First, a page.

Imagine that all the frequencies nature affords were laid out on an extended piano keyboard. Never mind that some waves are mechanical, propagated through air or some other fluid, and other waves are electromagnetic, and can pass through a vacuum. Lay them down all together, and what do you get?
The startling answer is: a surprisingly narrow piano. To play X-rays (whose waves cycle up to 30,000,000,000,000,000,000 times per second), our pianist would have to travel a mere nine metres to the right of middle C. Wandering nine and a half metres in the other direction, our pianist would then be able to sound the super-bass note generated by shockwaves rippling through the hot gas around a supermassive black hole in the Perseus cluster — a wave that cycles just once every 18.5 million years.
Closer to home, how big do you think that piano would have to be for it to play every note distinguishable by the human ear? You’d have to add barely a single octave to either side of a regular concert grand.
Readers of Richard Mainwaring’s wonderfully titled book will fall into two camps. Some will want to hear what this “infinite piano” conceit reveals about the natural world; about the (considerable) auditory abilities of spiders, say, or how 23 high-stepping fitness junkies caused a tremor that evacuated the the 39-storey Techno Mart building in Seoul, South Korea.
Other readers, though entertained well enough by Mainwaring’s extraordinary clear and concise science writing, won’t be able to get that infinite piano out of their heads. It’s a metaphor so engaging, so intuitive, it’s quite as exciting as anything else in the book (for all that the book features ghosts, whales, Neolithic chambered cairns and Nikolai Tesla).
Mainwaring is a musician and a composer, and the business of music runs under even his most abstruse intellectual excursions. A Marsquake recorded on On 6 April 2019, sped up by a factor of 60, sounds, he tells us, “not unlike someone blowing over the top of a half-full wine bottle in Westminster Abbey”. Fully concentrating on a task generates brainwaves of around 40 Hz or more: ”it’s a wonder we can’t hear them humming, as they are at the same frequency as the opening bass note of Cypress Hill’s ‘Insane in the Brain’.”
This is infotainment at its most charming and lightweight; tonally, it’s of a piece with the musical stunts (for example, arranging a performance by massed tuning-forks) that Mainwaring has regularly staged for BBC1’s pre-watershed magazine programme The ONE Show. The glimpses Mainwaring gives us into the peculiar, fractured, distraction-filled business of modern music making are quite as fascinating as his tales of planetary resonance and the latest thinking about olfaction. He can also be tremendously catty, as when he pricks the vaingloriousness of virtuoso bass players (“Know your role, bassists – stay out of the way.”)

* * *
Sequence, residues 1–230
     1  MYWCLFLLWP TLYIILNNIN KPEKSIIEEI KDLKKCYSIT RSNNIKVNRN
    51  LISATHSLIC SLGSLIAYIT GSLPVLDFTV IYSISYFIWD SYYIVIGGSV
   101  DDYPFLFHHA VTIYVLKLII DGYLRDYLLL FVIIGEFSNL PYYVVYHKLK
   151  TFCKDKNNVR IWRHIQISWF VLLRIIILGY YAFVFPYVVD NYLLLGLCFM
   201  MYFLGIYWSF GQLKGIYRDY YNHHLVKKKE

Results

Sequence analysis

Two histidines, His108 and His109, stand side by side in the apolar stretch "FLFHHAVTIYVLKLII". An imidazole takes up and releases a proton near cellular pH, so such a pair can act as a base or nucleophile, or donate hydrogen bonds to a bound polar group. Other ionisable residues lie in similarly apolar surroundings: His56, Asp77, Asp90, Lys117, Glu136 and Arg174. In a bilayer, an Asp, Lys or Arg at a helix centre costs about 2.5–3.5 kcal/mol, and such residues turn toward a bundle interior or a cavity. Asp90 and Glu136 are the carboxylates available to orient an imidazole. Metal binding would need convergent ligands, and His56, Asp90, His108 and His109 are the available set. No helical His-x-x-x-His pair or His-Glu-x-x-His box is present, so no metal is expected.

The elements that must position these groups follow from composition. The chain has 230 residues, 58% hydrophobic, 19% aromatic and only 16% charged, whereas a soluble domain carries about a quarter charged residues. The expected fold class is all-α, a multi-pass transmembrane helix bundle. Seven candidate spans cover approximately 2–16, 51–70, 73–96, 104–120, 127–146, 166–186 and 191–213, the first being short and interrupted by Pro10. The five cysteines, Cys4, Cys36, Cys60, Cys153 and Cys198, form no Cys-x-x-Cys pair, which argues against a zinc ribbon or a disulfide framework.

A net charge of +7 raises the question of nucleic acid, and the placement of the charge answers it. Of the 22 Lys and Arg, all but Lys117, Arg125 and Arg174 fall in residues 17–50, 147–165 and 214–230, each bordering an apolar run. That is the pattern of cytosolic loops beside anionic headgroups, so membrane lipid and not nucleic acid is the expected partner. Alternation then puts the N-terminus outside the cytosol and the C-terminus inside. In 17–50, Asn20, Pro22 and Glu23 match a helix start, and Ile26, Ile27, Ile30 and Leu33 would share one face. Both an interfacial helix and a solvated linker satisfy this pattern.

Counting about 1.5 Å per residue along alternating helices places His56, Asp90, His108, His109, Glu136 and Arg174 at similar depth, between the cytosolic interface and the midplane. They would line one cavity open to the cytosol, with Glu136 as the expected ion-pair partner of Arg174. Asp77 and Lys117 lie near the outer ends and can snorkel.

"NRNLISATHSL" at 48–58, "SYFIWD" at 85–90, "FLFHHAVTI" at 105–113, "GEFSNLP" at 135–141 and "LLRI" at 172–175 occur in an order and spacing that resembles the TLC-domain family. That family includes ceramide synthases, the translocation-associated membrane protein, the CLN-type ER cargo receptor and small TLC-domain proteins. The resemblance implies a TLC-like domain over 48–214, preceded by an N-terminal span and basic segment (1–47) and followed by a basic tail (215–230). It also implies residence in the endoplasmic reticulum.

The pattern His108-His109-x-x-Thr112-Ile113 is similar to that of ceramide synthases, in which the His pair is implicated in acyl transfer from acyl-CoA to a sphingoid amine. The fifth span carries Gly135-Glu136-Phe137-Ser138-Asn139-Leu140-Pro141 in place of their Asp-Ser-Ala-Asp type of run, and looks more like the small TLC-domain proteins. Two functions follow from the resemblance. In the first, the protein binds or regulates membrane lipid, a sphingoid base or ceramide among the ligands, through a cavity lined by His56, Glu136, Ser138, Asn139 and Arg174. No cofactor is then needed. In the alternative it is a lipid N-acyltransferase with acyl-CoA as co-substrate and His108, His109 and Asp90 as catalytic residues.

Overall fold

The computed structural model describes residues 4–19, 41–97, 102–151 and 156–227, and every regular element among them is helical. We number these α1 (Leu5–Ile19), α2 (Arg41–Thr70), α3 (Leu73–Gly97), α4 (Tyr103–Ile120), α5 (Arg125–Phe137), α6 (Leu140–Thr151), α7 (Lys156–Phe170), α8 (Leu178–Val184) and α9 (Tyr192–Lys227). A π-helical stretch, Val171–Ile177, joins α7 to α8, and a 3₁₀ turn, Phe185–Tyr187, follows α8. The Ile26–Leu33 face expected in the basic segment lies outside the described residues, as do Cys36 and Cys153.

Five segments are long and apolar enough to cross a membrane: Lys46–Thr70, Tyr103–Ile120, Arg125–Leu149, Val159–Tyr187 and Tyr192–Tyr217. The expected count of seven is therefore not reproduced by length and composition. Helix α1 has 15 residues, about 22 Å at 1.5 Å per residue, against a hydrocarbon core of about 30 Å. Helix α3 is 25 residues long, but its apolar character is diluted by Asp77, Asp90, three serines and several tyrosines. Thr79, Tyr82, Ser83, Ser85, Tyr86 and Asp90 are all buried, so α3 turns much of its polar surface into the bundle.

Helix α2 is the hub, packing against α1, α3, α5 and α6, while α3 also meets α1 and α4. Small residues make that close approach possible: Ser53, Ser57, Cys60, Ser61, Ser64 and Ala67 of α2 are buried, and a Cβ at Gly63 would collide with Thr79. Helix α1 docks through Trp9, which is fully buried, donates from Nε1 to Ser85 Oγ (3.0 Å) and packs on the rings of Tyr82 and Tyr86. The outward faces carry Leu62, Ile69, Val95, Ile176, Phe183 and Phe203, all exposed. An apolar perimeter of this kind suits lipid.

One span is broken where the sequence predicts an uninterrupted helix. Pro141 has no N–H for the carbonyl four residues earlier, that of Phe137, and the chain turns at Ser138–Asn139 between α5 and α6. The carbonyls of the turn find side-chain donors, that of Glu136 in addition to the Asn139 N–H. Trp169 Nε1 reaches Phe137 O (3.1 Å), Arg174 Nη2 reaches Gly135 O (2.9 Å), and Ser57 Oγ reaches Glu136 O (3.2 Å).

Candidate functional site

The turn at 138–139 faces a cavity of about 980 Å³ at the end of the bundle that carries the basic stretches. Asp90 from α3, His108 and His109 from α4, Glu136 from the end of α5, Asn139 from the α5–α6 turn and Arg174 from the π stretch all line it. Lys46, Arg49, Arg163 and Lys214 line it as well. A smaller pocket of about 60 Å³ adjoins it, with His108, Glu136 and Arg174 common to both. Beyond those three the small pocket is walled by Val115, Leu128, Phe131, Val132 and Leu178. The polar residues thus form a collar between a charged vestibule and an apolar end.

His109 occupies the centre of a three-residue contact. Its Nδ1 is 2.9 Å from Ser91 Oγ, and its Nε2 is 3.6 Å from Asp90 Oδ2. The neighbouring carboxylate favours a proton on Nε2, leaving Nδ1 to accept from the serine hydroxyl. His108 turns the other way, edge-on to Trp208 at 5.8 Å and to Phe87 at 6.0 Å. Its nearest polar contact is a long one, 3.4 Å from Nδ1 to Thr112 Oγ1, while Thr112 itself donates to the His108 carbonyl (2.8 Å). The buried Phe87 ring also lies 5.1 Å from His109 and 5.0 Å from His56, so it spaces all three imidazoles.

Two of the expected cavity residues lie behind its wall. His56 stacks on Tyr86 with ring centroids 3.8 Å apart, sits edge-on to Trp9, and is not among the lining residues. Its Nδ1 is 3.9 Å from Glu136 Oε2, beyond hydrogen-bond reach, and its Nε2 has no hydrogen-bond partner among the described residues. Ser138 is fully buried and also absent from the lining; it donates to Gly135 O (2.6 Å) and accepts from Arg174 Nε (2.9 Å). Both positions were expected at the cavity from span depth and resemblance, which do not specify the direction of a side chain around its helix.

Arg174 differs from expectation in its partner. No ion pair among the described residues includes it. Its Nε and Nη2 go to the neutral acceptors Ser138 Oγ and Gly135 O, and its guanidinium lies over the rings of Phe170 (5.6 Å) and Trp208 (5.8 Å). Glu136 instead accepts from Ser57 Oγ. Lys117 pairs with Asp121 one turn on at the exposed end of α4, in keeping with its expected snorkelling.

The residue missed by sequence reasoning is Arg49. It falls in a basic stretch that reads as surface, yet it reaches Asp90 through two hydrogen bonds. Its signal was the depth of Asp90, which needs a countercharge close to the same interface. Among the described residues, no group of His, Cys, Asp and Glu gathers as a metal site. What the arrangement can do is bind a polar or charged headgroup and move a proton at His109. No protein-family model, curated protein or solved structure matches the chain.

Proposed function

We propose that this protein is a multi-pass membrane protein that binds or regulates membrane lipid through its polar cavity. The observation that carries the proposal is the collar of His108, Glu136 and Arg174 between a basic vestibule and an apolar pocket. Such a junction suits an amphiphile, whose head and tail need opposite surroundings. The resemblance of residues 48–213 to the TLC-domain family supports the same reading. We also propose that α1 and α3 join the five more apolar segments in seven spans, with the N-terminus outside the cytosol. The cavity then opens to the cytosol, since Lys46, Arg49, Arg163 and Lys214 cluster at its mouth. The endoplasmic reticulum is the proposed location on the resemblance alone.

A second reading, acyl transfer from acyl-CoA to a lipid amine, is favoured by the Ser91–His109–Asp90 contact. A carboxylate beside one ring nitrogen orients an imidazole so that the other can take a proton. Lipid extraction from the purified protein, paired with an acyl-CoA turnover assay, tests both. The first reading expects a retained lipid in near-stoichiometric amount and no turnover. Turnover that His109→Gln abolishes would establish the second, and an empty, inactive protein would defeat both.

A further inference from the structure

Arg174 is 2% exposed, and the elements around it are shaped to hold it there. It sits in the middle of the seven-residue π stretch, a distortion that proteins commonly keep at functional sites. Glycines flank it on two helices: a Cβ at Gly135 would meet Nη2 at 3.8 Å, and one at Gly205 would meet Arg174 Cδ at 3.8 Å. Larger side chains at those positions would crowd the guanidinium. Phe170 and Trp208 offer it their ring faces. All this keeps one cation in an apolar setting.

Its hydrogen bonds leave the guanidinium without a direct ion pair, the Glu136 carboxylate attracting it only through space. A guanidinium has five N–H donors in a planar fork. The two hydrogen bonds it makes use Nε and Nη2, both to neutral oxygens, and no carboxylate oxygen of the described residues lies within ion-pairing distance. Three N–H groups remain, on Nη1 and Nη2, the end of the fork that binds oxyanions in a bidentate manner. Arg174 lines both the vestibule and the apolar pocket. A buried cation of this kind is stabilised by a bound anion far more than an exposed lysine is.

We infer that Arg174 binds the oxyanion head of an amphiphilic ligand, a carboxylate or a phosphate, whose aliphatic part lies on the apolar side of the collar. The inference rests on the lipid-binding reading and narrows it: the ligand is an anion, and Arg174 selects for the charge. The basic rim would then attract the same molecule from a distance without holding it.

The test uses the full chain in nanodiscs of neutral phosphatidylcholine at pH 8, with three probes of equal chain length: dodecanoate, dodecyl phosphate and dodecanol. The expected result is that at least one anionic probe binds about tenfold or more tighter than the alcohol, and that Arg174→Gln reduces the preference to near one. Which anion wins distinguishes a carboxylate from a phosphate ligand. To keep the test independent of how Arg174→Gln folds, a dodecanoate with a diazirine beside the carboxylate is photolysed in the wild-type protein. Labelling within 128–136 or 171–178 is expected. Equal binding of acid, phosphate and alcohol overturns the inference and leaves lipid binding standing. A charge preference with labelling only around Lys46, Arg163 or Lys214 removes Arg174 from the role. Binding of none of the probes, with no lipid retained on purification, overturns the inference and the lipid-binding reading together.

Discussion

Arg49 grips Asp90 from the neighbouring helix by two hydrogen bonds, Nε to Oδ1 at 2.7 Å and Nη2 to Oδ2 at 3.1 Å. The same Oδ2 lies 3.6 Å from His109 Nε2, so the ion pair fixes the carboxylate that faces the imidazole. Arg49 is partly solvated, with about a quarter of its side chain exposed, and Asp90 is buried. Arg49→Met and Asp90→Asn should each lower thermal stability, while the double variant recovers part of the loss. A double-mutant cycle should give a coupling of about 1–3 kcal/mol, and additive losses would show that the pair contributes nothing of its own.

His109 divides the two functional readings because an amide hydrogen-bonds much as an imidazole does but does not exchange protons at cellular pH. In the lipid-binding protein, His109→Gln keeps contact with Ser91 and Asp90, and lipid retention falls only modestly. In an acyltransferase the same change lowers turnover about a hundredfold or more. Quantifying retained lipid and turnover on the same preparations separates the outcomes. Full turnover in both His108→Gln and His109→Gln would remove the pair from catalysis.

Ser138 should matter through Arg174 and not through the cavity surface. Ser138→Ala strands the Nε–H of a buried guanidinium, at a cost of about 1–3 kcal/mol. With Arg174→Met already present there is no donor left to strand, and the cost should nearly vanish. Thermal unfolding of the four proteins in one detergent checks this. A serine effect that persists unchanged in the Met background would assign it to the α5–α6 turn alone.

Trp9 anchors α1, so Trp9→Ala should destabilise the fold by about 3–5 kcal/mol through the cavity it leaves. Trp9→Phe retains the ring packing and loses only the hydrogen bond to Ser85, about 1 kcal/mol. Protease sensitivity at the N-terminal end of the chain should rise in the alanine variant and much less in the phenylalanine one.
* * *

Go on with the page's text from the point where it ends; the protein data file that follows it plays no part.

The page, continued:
Like any ebullient teacher, he won’t be everybody’s cup of tea. There’s always one misery-guts at the back of the class whose teeth will be set on edge, and now and again Mainwaring’s humour is a little forced. This is usually because he’s hit on some neat metaphor and doesn’t know when to stop beating on it. We should set against this, though, his willingness to dive (and deeply, too) into any number of abstruse subjects, from religious experiences to Edwardian vibrators.
Throughout, Mainwaring keeps a sharp eye out for specious claims and pretensions. There is, he says, nothing magical about “the God-given, superhero ability of perfect pitch” — the ability to identify a note from its frequency. Indeed, before 1955, the year the ISO standardised “A” at 440 Hz, there was no such thing as perfect pitch. (Interestingly, though, speakers of Mandarin, a language dependent on tonal inflexion, are rather better at guessing notes than the rest of us.)
On the other hand there is, as Mainwaring ably demonstrates, an extraordinary spiritual power to music, particularly around the note A forty-seven white keys to the left of middle C. (That’s 19 cycles per second, or 19 Hertz, we say now, in honour of Heinrich Rudolf Hertz, who proved the existence of electromagnetic waves). This “A” can trigger cold sweats, fits of severe depression, and even sightings of dead people. Mainwaring traces the use of low notes and infrasound from the more inaccessible tunnels of French caves (where little ochre dots marked where prehistoric singers should stand to sound especially resonant and amplified) to Bach’s Toccata and Fugue in D Minor which, on any decent organ, generates infrasonic byproducts by means of two chords and a low pedal D.
Though horribly abused and exploited by various new Age fads over the years, the old intuition still holds: vibrations reveal much about life, consciousness and the integrity of matter. Mainwaring’s clear-eyed forays into medicine, psychology and spirituality reflect as much.
It’s a commonplace of popular science that the world is looked at best through this or that funny-shaped window of the author’s choosing. But Mainwaring’s garrulous offering is the real deal.